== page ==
January 29, 2021

Home Care Makes a Difference

Home Care makes a difference to patients and their families in many ways, such as helping manage their chronic condition, assist with medication changes, provide intravenous medications and nutrition, treat wounds, and attend to post-surgical needs. Mary, of Concord, is one community member who has benefited from our services in the past and present.  
 
“The first time I saw Kathy [Wyle, a homecare physical therapist] was after my knee replacement,” Mary said. “I was a serious hiker for many years. I hiked in England and Scotland, and I belonged to a group called the Mountain Goats. I was somewhere outdoors every Thursday for about 25 years.” 
 
“This time, I am seeing Kathy and Jason [Edwards, a homecare registered nurse] for vertigo,” she added.  
 
Falls Prevention 
Vertigo can make people feel off-balance, which may cause someone to fall. One in every four adults aged 65 or over fall, but measures can be taken to help prevent falls. 
 
“This past year, I had two major falls and Kathy showed me how to use a walker and taught me exercises to help prevent falls,” said Mary. “My OT Alison [Thompson] taught me where to put dishes away so I don’t have to reach too far. She also recommended that I get rid of the scatter rugs and get a stool for the bathtub, too.”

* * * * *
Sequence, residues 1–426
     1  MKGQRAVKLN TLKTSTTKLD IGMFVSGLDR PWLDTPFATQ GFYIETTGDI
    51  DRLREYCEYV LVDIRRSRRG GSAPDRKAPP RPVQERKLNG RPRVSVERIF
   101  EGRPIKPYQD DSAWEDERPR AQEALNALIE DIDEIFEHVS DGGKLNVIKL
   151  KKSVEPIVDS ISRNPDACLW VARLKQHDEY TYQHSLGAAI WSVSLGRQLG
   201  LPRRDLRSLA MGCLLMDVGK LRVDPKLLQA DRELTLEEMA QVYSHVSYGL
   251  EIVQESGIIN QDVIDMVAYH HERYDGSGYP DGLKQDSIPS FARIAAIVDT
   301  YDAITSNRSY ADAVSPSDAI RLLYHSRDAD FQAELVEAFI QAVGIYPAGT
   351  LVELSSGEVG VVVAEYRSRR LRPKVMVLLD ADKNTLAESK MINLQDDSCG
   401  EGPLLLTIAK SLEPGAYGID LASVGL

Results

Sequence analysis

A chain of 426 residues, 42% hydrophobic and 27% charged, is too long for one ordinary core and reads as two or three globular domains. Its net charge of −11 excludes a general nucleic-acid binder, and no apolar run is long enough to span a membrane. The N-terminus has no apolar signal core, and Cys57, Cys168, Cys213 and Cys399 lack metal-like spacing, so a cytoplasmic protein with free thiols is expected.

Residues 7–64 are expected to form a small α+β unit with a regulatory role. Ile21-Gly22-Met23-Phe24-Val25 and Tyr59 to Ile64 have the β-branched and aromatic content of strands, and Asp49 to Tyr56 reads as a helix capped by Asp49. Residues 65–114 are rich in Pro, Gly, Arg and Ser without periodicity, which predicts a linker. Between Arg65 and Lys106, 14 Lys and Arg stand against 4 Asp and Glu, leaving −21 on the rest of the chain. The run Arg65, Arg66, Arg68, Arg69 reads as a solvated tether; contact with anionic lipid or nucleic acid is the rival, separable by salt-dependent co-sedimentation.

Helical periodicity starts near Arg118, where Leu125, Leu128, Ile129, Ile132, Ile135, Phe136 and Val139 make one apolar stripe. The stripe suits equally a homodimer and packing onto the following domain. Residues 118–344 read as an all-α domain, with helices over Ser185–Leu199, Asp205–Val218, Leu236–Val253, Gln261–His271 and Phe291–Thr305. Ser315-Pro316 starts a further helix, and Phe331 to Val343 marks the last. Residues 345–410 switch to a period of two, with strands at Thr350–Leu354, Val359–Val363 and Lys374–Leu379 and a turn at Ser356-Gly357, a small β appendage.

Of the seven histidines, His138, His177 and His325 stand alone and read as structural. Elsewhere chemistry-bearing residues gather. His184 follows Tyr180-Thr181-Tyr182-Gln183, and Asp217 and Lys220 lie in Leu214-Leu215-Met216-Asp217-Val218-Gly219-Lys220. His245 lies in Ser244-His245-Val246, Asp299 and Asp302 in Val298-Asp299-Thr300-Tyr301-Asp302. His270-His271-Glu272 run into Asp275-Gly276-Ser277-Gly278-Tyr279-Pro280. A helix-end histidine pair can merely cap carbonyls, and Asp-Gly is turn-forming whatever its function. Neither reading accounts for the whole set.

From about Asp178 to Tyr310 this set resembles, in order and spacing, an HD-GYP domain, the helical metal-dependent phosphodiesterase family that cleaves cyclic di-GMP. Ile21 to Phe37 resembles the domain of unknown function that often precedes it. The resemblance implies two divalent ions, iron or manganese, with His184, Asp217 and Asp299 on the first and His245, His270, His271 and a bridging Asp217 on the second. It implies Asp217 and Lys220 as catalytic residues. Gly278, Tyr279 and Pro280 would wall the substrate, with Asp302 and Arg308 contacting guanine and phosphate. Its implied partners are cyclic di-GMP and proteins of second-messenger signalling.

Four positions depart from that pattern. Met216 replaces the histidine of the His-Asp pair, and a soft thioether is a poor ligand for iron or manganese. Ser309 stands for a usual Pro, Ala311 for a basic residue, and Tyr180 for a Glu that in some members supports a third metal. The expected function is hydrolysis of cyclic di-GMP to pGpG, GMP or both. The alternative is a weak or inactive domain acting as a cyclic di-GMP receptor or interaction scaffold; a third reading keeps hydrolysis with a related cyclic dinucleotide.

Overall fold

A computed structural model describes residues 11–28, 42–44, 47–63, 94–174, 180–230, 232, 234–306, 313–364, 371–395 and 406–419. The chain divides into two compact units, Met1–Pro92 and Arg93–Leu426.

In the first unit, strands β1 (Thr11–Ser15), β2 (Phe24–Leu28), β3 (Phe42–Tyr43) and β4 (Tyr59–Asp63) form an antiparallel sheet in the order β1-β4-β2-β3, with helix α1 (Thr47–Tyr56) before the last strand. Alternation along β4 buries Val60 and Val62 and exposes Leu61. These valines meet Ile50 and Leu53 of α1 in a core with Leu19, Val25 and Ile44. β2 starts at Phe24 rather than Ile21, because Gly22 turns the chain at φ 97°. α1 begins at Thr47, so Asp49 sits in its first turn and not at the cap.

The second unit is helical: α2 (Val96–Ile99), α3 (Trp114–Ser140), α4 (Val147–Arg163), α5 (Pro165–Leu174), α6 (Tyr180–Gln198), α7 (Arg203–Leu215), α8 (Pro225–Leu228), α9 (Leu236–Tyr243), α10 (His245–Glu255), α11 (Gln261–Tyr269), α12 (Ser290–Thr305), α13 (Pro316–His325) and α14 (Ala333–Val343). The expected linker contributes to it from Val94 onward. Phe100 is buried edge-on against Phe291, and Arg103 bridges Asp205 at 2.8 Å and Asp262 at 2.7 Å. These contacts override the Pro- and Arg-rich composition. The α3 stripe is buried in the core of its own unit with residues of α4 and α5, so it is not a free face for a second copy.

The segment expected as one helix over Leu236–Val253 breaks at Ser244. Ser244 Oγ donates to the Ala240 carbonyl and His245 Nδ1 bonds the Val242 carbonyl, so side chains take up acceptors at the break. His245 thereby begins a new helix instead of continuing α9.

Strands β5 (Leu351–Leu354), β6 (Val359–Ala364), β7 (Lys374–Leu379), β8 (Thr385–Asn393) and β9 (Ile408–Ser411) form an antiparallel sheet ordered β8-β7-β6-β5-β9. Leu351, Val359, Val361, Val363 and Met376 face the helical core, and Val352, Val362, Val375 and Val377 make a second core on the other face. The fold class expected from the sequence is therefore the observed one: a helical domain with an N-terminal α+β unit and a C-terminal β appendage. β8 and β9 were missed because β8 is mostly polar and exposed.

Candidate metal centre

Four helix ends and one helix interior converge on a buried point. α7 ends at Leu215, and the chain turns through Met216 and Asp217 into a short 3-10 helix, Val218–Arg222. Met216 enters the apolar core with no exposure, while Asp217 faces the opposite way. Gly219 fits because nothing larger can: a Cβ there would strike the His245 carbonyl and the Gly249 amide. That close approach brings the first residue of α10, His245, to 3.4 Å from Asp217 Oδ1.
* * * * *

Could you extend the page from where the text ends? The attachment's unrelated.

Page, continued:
Providing information on how to manage individual needs is a critical component of our homecare program. In Mary’s case, fall prevention techniques can help reduce fall risks and help her remain living independently at home.  
 
As part of falls education, clinicians discuss decreasing the risk of falling, including using adequate lighting, wearing footwear with traction, and continuing to move every so often and not sitting for hours at a time. They also talk about not being fearful of going somewhere due to the fear of falling.  
 
With the assistance and education from the homecare staff, Mary has incorporated regular exercise into her routine. “He’s [Jason Edwards, RN] done a lot of nice things for me,” she said. “He has really educated me.” 
 
Mary, who will turn 100 in February, was recently discharged and receives homemaking services from Concord Regional VNA once a month. 
 
Personal Protective Equipment 
All of our direct care staff members, including Jason and Kathy who are pictured in the photo with Mary, take measures to help keep themselves and their patients and families as safe and healthy as possible. Our staff continues to follow Centers for Disease Control and Prevention (CDC) and NH Department of Health & Human Services (NHDHHS) guidelines around COVID-19.  
 
Clinicians have added precautions and screenings into their daily work, and participate in telehealth visits with patients and their physicians. Some of our patients have been tested in their homes for COVID-19 by our staff members. When treating patients who test positive for the virus, clinicians don and doff Personal Protective Equipment (PPE) in doorways before and after each visit.  
 
The progression of COVID-19 continues to evolve and we strongly encourage everyone to continue to wear a mask, practice physical (social) distancing, and to regularly wash your hands.